*Next Class Schedule: Sept. 29,
30 Oct. 6, 7 2012
(8:00am - 5:30pm)
36 HOURS OF INSTRUCTION
(THEORY: 27 HRS. / CLINICAL: 9 HRS.)
Fee: $200 for Homestead students, $240 for all others
Additionally, each student must complete a minimum of three (3) individually supervised successful venipunctures on live subjects and at least three (3) individually supervised skin punctures on live subjects.
The course is designed to prepare Licensed Vocational Nurses (LVNs) to start and superimpose intravenous fluid via primary or secondary infusion lines and perform blood withdrawal. The course will cover psychological preparation of the patient, legal aspect in IV therapy & blood withdrawal, infection control, indications for IV therapy, types of venipuncture devices, delivery systems, intravenous fluids, venipuncture sites, observation of the patient, regulation of the fluid flow, selection of equipment, complications of IV therapy, methods of blood withdrawal, method selection, safety measures, complications and preparation of withdrawal sites.
Students will perform simulated and actual intravenous catheterizations and blood withdrawals. LVNs will receive 36 contact hours upon successful course completion.
COURSE OBJECTIVES (THEORY)
At the completion of the intravenous therapy/blood withdrawal course, each participant shall be able to:
1. Discuss the legal requirements pertaining to starting and/or
superimposing intravenous fluids withdrawing blood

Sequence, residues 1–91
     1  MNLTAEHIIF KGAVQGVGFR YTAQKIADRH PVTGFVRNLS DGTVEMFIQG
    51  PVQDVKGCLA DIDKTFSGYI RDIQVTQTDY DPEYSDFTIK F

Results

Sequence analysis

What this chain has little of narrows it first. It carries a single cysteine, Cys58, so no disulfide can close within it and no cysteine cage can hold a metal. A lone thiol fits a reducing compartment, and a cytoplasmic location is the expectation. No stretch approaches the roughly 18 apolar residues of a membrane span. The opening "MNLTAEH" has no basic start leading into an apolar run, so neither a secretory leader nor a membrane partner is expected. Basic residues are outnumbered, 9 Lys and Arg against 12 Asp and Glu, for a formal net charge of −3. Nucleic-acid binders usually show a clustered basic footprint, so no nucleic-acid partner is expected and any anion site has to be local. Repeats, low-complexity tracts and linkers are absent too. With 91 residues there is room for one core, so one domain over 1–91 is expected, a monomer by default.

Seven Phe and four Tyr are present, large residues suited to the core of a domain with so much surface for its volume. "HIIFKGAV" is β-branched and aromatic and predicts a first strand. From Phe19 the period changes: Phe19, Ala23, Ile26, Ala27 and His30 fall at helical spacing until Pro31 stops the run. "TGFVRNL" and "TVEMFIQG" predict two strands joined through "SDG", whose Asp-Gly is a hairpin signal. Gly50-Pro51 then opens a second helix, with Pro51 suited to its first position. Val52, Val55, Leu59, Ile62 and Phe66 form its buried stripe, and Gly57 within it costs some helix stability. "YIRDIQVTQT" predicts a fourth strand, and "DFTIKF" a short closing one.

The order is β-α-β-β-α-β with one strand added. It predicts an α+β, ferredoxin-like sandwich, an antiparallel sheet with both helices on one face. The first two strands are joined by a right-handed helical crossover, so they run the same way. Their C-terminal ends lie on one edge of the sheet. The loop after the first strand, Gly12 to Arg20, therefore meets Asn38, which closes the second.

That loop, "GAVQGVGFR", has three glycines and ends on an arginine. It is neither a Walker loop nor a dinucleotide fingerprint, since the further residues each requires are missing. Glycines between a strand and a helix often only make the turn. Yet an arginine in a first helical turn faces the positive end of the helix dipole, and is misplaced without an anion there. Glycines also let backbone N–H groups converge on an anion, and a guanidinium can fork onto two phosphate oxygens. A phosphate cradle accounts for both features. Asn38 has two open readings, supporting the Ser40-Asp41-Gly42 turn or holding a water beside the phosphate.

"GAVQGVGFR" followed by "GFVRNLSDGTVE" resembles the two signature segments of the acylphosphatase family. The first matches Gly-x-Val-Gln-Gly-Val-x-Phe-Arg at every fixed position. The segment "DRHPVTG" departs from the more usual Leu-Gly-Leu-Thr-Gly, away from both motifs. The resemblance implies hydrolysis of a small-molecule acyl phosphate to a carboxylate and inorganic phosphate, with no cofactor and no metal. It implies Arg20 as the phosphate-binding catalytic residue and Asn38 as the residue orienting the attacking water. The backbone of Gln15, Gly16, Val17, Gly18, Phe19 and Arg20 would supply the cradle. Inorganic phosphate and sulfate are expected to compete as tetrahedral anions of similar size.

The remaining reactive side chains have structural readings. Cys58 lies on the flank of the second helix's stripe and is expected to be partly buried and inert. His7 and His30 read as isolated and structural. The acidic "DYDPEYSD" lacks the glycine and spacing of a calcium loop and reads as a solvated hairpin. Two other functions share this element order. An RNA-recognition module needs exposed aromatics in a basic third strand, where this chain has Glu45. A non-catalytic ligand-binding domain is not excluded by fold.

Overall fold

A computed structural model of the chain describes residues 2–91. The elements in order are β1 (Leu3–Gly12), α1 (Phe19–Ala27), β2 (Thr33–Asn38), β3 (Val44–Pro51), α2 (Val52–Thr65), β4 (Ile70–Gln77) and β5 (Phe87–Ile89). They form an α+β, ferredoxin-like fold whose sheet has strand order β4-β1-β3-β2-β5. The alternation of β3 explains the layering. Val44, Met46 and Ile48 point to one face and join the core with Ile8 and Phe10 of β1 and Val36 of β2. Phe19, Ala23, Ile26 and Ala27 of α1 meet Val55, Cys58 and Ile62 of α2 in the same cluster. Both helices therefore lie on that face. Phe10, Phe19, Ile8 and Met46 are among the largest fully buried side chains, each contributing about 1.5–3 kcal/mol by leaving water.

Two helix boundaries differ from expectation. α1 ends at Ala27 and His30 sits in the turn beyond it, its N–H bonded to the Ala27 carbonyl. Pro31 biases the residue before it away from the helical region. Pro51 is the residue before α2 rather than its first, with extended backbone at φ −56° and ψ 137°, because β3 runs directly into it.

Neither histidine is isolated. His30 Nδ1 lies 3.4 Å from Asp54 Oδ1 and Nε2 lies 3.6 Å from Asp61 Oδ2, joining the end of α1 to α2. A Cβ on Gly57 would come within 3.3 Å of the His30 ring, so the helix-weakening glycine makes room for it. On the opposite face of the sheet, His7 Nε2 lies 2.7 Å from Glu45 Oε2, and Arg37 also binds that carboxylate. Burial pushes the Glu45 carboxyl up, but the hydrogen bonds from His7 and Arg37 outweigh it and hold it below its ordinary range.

2. Discuss the legal requirements pertaining to performing arterial punctures for the purpose of withdrawing blood.
3. Differentiate types of parenteral fluids and blood components.
4. Correlate intravenous fluids with fluid and electrolyte imbalances.
5. Identify clinical manifestations associated with fluid and blood component infusion.
6. State indications for TPN therapy.
7. Discuss potential complications from TPN therapy.
8. Explain the rationale for blood withdrawal and arterial punctures.
9. Explain the rationale for initiation of an intravenous infusion or transfusion of blood or blood products.
10. Identify types of skin puncture, arterial puncture, and venipuncture devices.
11. Describe correct use of each skin puncture, arterial puncture, and venipuncture device.
12. Identify types of fluid delivery system devices.
13. Describe correct use of each fluid delivery system device including regulation of infusion flow rate.
14. Describe accurate techniques for performing skin punctures, arterial punctures, and venipunctures; including direct and indirect methods.
15. Discuss psychological preparation of a patient/client which should be completed prior to treatment.
16. Correlate relevant anatomy and physiology with criteria for selection of venipuncture, skin puncture, or arterial puncture sites.
17. Identify the safety precautions utilized when administering intravenous therapy, withdrawing blood and testing for adequate circulation pertaining to arterial puncture site.
18. Discuss potential local and systemic complications of intravenous therapy and blood withdrawal and include correct nursing observations and preventive measures.
CLINICAL PERFORMANCE OBJECTIVES
During clinical experience, the participant shall be able to:
Explain the procedure to the patient and provide adequate
2. Select correct venipuncture, skin puncture, arterial puncture, and infusion equipment and correctly assemble for use.
3. Select and correctly prepare an appropriate site for venipuncture, blood withdrawal or arterial puncture.
4. Perform three (3) successful venipunctures and three (3) successful skin punctures on live subjects while adhering to universal precautions.
5. Observe the patient for adverse reactions.
6. Demonstrate appropriate safety measures when performing venipuncture, blood withdrawal or arterial puncture, including universal precautions.